I used to love to pull April Fool’s pranks on my dad. Just as he would be leaving for an appointment, I’d ask him why he had a big ink stain on his shirt. Or tell him that I wrecked the car.
Once the huffing and puffing was over, I’d calmly say “April Fools!” He was never all that amused, but I enjoyed it.
Company leadership pulls unintentional April Fools pranks on employees every year. Here are some examples.
Initiative: We conduct focus groups and surveys and tell employees we want and value their feedback. They give us time they don’t really have and provide their feedback with honesty.
April Fools! We do absolutely nothing with the employees’ feedback, except ask for it again the next year.
Initiative: Employees are asked to take on additional respnsibilities with the promise of a promotion.
April Fools! The employees don’t get the promotion, but the increase in workload continues with no end in sight.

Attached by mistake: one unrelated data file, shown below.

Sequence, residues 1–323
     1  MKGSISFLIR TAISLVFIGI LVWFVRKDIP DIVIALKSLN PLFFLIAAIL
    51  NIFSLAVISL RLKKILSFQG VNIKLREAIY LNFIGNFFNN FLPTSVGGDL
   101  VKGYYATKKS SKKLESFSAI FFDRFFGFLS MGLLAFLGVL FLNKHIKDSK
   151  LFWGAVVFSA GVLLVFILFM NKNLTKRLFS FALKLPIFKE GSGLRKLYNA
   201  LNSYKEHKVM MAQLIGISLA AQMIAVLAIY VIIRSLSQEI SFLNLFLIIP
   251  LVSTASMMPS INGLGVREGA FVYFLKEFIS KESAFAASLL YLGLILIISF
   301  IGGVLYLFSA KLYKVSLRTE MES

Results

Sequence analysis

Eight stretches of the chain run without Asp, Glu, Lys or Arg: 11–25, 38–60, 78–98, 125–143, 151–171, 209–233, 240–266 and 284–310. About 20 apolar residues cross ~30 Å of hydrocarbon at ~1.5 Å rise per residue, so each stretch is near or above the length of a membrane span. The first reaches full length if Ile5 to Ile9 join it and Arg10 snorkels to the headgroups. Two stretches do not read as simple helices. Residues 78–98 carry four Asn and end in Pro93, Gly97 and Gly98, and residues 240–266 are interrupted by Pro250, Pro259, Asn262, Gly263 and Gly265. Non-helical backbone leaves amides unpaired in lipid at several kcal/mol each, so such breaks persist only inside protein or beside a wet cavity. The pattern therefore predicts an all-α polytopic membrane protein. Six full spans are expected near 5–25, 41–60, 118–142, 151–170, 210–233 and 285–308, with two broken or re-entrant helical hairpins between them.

Initiative: Mandatory sales training is conducted, everyone must go through 2-6 days of training with the promise of a changed environment.
April Fools! After a year of working on their new behaviors,employees attend their performance appraisal review and discover it still reflects only operational goals, and sales efforts are not even represented.
Initiative: Salespeople are told that there’s a new focus on relationship selling – do what’s right for the customer.
April Fools! The incentive plan hasn’t changed, and is still fueled by marketing programs that promote one product at a time, whether a customer needs it or not.
You know, eventually my dad stopped believing me on April Fools when I told him he had an ink stain on his shirt, or a wreck in the car. There were no more surprise reactions to delight me.
Employees will do the same. They will stop believing in corporate initiatives, and put only minimal effort in them. Why? Because businesses have started creating a “Ground Hog/April Fools Day” where the same things are promised over and over again but never delivered.
If your company has employees that seem to have lost energy for the next new initiative, consider this: Is your company guilty of its own Ground Hog/April Fools Day approach?
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